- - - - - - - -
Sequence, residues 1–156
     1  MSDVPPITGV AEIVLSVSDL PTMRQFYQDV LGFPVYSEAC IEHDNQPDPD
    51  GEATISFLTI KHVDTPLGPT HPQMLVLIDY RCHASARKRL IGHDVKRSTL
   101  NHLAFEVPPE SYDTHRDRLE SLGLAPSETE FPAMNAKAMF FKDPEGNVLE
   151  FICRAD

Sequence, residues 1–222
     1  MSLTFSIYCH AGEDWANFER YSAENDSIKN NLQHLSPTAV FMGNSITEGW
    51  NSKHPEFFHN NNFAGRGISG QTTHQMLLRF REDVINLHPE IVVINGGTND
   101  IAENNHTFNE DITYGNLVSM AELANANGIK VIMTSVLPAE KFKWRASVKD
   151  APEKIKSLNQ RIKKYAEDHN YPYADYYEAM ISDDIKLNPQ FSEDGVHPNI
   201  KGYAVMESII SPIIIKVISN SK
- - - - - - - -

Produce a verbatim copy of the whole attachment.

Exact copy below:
Sequence, residues 1–156
     1  MSDVPPITGV AEIVLSVSDL PTMRQFYQDV LGFPVYSEAC IEHDNQPDPD
    51  GEATISFLTI KHVDTPLGPT HPQMLVLIDY RCHASARKRL IGHDVKRSTL
   101  NHLAFEVPPE SYDTHRDRLE SLGLAPSETE FPAMNAKAMF FKDPEGNVLE
   151  FICRAD

Sequence, residues 1–222
     1  MSLTFSIYCH AGEDWANFER YSAENDSIKN NLQHLSPTAV FMGNSITEGW
    51  NSKHPEFFHN NNFAGRGISG QTTHQMLLRF REDVINLHPE IVVINGGTND
   101  IAENNHTFNE DITYGNLVSM AELANANGIK VIMTSVLPAE KFKWRASVKD
   151  APEKIKSLNQ RIKKYAEDHN YPYADYYEAM ISDDIKLNPQ FSEDGVHPNI
   201  KGYAVMESII SPIIIKVISN SK